Local couple grows greens despite winter temperatures

Mike Porco and Kat Quinn grow nutrient-packed microgreens to sell to restaurants and buyer’s club at their home in Red Lodge.
Microgreens are planted in soil and harvested at the root during the seedling stage.

Seeing any type of fresh, local greens growing during the winter months is a beautifully, delicious sight. Situated inside a small building a few steps from their home, Kat Quinn and Mike Porco of Calabria Food Project are growing a variety of colorful and nutrient-packed microgreens to sell to restaurants and local buying groups.

Since moving to Red Lodge this past autumn, the two have been expanding their grow space to keep a consistent stock of microgreens, which are small plants harvested at the roots during the seedling stage and bursting with flavor.

Lights hang from Porco’s hand-built shelves to heat the densely-packed soil trays. The space is insulated and finding the right balance of elements for each delicate seed type has been instrumental in Porco and Quinn’s success.

“We wanted to grow greens year-round and saw a niche market with microgreens,” Porco said. Ranging from quick growing radish and arugula seeds, which can take 10 days to grow, to more complex, slower growing herbs like basil, cilantro and dill that take up to six weeks, Porco has been experimenting with various types and planting seeds specific to consumer requests.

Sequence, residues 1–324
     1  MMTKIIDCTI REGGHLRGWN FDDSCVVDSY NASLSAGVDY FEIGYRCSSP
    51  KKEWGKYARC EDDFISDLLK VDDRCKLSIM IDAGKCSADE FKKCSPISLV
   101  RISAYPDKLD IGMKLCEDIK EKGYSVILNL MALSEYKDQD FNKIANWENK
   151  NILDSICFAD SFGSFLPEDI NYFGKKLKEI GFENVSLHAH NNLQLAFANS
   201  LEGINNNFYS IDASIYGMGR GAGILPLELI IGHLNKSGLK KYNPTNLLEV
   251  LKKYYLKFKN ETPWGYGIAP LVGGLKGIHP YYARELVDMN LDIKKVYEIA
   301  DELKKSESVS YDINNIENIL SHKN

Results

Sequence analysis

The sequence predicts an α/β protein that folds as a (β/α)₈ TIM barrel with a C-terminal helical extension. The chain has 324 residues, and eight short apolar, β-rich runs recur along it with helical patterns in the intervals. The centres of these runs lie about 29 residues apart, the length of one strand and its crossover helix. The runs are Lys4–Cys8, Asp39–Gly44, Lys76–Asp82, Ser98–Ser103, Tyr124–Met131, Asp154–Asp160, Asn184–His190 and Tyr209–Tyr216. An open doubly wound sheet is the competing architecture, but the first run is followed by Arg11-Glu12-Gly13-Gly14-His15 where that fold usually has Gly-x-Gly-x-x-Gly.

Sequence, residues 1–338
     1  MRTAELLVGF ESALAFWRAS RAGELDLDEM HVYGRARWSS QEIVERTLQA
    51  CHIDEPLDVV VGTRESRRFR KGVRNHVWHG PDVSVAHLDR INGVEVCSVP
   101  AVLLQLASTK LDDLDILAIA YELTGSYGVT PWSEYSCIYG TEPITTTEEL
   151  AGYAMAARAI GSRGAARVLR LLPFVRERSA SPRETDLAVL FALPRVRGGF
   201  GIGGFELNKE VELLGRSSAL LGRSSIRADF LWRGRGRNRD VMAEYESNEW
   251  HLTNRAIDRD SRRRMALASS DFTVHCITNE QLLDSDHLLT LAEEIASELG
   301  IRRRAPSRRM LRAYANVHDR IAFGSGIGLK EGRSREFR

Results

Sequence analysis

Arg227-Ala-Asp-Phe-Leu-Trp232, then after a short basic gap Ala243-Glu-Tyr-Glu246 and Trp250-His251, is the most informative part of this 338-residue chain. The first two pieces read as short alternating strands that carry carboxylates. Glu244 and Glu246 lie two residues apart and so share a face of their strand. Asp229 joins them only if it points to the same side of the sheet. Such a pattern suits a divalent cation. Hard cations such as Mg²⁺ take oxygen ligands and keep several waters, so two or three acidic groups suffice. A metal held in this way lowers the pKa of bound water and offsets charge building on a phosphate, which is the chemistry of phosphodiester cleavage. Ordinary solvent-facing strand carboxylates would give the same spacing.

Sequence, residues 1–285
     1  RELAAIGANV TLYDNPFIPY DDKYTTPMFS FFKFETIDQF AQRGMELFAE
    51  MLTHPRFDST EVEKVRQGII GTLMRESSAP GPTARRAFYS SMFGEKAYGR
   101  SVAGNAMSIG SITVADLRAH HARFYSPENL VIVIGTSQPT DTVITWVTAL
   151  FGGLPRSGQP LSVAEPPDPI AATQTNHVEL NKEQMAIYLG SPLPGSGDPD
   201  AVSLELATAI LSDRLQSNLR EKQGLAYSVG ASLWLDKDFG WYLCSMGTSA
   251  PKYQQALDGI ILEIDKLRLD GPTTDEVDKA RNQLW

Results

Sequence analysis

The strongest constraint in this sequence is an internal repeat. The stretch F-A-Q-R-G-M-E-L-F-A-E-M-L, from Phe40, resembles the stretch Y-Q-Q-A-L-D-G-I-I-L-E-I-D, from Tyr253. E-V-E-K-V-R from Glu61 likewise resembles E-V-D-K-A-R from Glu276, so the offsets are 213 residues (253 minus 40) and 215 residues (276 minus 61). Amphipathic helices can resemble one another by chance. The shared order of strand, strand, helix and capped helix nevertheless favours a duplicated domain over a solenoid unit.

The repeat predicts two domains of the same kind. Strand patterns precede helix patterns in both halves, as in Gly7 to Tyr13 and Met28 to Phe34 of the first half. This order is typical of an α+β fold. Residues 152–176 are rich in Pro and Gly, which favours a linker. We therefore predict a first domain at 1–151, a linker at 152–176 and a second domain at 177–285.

“Chefs really like the specialty stuff,” Porco said. Microgreens, which were first introduced in California in the 1980’s have continued to grow in popularity due to their high nutrient content and bold flavor.

According to a 2014 United States Agriculture Department (USDA) led study that tested 25 different microgreens, results found, “In general, microgreens contained considerably higher levels of vitamins and carotenoids—about five times greater—than their mature plant counterparts.”

The flavor could be also described as having a more intense and concentrated taste than its adult plant. Selling to restaurants both in Red Lodge and Billings, Porco said chefs use them as edible garnishes to accompany a variety of dishes including salads, sandwiches and soups. “We put them on everything,” said Quinn, who enjoys the spicy, peppery taste of arugula and mustard greens.

Although they are not yet sold in major grocery stores, Calabria Food Project have been contributing their popular products (i.e. radish, broccoli, arugula, etc.) to the bi-monthly local buyer’s club and sell at Billing’s Good Earth Market. Not to be confused with sprouts, which are grown in a dark, moist environment where bacteria can potentially thrive, microgreen seeds are planted in soil where they grow to produce a few leaves before being harvested.

Because the greens are grown in a controlled environment, the two can be consistent in providing greens to their customers.

“Our goal is that restaurants know they can always get them,” Quinn said. “Consistency is definitely key,” Porco added.

By summer, they hope to have expanded both their facility and product line and plan to sell at Red Lodge and Billings Farmer’s Markets.